Why NASCAR, why now?
Driver Mike Skinner, in the #23 Toyota, drives during NASCAR testing at Daytona International Speedway on Jan. 15, 2007.
TEXT OF INTERVIEW
MARK AUSTIN THOMAS: It's been a rough week for NASCAR. A cheating scandal has buffeted the Daytona 500. Two-time winner Michael Waltrip's crew chief and team director were tossed from the race for cheating. Both were suspended indefinitely after an illegal substance was found in Waltrip's new Toyota Camry during inspection. Five teams have now been caught cheating during preparations for Sunday's race. The big story beyond the scandals was the entry of Toyota into the NASCAR circuit. The strategy is marketing, but the goal is money and a growing share of the U.S. market. David Carter is the executive director of the USC Sports Business Institute. Toyota is already increasing its market share and could move past GM as the No. 2 automaker this year. I asked Carter why Toyota needs to join NASCAR?
DAVID CARTER: For me asking why a major corporation would want to align with NASCAR is a little bit like asking why an investment banker might want to be on Wall Street the first part of his career. It's where the action is. And I think Toyota realizes just how strong NASCAR has been historically in helping businesses grow their business. And certainly last year TV ratings were off a little bit, there's some softness in attendance at certain tracks, but it's pretty evident heading into this year that NASCAR's poised for some growth.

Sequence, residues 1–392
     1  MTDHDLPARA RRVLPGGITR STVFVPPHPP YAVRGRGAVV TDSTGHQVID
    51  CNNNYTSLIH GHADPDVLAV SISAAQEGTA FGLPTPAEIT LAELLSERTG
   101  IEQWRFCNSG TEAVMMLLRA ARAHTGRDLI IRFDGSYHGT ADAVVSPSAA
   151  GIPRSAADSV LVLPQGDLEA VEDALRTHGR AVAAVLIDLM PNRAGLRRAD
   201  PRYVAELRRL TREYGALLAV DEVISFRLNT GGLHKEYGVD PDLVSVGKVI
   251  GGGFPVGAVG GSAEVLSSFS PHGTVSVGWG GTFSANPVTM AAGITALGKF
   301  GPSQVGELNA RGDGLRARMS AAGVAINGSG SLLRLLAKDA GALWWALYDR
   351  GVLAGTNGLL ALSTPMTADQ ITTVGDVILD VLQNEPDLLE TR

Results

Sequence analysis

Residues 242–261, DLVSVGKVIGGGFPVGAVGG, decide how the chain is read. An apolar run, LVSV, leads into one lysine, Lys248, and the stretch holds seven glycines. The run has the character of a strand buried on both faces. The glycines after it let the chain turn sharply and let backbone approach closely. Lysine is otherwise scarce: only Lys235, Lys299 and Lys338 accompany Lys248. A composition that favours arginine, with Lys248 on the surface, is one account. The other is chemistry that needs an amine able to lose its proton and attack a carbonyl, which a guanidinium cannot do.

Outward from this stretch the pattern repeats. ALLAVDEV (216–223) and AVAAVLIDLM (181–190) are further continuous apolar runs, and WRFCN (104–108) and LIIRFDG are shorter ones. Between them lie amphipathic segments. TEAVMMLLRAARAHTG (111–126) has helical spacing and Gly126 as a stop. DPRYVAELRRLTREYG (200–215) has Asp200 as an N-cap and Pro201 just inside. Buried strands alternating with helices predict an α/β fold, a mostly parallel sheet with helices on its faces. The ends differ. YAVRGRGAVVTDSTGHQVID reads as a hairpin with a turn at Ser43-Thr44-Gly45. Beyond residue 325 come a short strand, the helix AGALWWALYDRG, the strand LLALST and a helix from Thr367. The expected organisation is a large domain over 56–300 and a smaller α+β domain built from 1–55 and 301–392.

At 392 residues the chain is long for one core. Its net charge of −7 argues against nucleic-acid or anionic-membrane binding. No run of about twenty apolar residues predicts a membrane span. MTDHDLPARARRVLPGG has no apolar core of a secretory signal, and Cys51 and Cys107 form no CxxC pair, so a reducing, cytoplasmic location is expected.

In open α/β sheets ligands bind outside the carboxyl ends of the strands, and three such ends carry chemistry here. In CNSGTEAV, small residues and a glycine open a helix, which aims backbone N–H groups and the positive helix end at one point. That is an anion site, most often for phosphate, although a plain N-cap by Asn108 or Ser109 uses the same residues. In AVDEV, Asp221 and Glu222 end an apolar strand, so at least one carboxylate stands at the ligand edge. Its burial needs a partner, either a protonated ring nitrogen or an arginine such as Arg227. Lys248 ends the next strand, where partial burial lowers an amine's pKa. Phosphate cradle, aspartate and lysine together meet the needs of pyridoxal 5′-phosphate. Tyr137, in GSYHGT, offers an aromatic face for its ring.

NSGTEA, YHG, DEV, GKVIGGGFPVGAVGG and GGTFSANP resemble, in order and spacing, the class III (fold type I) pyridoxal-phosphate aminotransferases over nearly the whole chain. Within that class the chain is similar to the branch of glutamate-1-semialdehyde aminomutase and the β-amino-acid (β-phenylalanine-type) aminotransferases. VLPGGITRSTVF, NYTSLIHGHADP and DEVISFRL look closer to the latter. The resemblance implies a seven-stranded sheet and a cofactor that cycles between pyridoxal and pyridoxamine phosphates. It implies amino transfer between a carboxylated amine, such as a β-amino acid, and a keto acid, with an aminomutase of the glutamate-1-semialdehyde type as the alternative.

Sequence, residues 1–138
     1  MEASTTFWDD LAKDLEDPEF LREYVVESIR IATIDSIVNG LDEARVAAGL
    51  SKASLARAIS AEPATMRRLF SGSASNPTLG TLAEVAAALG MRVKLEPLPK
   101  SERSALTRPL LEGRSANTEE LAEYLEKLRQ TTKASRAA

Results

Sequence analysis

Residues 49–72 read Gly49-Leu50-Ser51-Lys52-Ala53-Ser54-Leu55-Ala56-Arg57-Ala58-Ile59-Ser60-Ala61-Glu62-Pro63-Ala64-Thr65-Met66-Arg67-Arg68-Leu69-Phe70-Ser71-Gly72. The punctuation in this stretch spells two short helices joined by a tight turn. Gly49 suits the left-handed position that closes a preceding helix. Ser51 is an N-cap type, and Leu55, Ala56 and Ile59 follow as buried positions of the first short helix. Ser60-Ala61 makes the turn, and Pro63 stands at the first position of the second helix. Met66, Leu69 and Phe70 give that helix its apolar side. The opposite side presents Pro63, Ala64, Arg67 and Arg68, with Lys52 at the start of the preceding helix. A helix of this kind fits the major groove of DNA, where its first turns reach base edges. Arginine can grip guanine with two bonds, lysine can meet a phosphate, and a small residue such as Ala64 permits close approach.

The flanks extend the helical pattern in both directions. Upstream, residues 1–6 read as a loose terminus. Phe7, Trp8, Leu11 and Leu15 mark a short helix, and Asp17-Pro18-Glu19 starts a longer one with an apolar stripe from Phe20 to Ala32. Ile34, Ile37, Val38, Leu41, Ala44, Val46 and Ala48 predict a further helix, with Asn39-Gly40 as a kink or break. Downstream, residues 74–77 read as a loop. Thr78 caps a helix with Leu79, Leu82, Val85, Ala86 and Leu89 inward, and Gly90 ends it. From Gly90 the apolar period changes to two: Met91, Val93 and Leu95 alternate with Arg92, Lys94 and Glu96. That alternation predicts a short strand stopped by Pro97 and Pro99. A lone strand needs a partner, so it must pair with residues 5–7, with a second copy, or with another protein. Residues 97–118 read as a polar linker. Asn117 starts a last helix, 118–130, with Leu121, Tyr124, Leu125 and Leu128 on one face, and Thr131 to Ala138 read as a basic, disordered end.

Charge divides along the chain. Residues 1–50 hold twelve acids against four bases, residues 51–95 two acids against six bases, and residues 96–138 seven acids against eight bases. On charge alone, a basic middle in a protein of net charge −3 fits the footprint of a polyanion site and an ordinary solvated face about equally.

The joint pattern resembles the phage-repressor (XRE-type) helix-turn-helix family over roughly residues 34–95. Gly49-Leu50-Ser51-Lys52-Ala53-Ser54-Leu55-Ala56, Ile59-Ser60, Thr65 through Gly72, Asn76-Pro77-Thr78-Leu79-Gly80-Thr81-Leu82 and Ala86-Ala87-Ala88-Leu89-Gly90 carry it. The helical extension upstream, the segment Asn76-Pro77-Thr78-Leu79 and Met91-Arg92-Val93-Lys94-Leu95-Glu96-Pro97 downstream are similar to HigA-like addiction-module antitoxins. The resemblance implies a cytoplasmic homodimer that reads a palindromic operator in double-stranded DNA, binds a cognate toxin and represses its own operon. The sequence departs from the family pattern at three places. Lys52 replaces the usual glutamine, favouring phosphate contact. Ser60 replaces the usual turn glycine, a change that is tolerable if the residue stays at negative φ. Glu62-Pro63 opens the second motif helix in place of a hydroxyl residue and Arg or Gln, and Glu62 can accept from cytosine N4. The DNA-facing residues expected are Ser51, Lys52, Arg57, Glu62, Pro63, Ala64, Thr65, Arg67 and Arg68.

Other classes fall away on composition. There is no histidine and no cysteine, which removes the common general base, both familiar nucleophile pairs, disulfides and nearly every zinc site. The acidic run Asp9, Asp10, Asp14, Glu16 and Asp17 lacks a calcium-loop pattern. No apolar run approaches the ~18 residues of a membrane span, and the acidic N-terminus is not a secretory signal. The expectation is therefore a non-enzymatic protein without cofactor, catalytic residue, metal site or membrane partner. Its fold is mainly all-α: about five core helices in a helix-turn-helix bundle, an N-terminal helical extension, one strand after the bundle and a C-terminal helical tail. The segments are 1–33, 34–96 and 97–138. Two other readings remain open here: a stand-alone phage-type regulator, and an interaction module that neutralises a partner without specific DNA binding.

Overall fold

THOMAS: Why this year?
CARTER: First of all the arrival of Juan Montoya, noted racecar driver, won the Indy 500, has abandoned Formula 1 for NASCAR, and I think that allows NASCAR to tell a story about how they can build their audiences internationally. Television is another. You have ABC and ESPN back in this. Combine that with what Fox is doing. Fox has been very committed to this sport. So you have some stability on television. And finally I think NASCAR has changed it championship format. They've increased the number of drivers that are eligible to win the title, they've tweaked some of the rules to make sure that racing week to week is competitive for those drivers that want to win. And so they've refined their product, they've nailed down television again and they've brought on some real star power. Those things really tend to help.
THOMAS: No Toyota driver placed higher than 14th on Sunday. Does the automaker have to win at NASCAR in order to achieve its goal?
CARTER: I don't think they have to win initially. I think what's important is, there's going to be unprecedented notoriety this year for Toyota and for NASCAR. And there will be a lot of focus on them but winning and consistently finishing first or second in these races I think is less important than penetrating NASCAR, being steady, showing some progress and getting past what is going to be a learning curve.
THOMAS: So what are the chances 10 years from now it'll be baseball, hot dogs, apple pie and Toyota?
CARTER: Well I'm not sure that's their ultimate goal. If you take a look at younger consumers, I'm not convinced that they're thinking baseball, hot dogs and apple pie at this point. Maybe action sports, iPods and Red Bull. I think what we're seeing is the sports consumers is really changing and how sports reaches them is important. And so I think Toyota is poised again to really understand and build its brand, using motor sports as a backdrop.
THOMAS: Thanks Dave.
CARTER: Thank you.
THOMAS: David Carter is the executive director for the USC Sports Business Institute.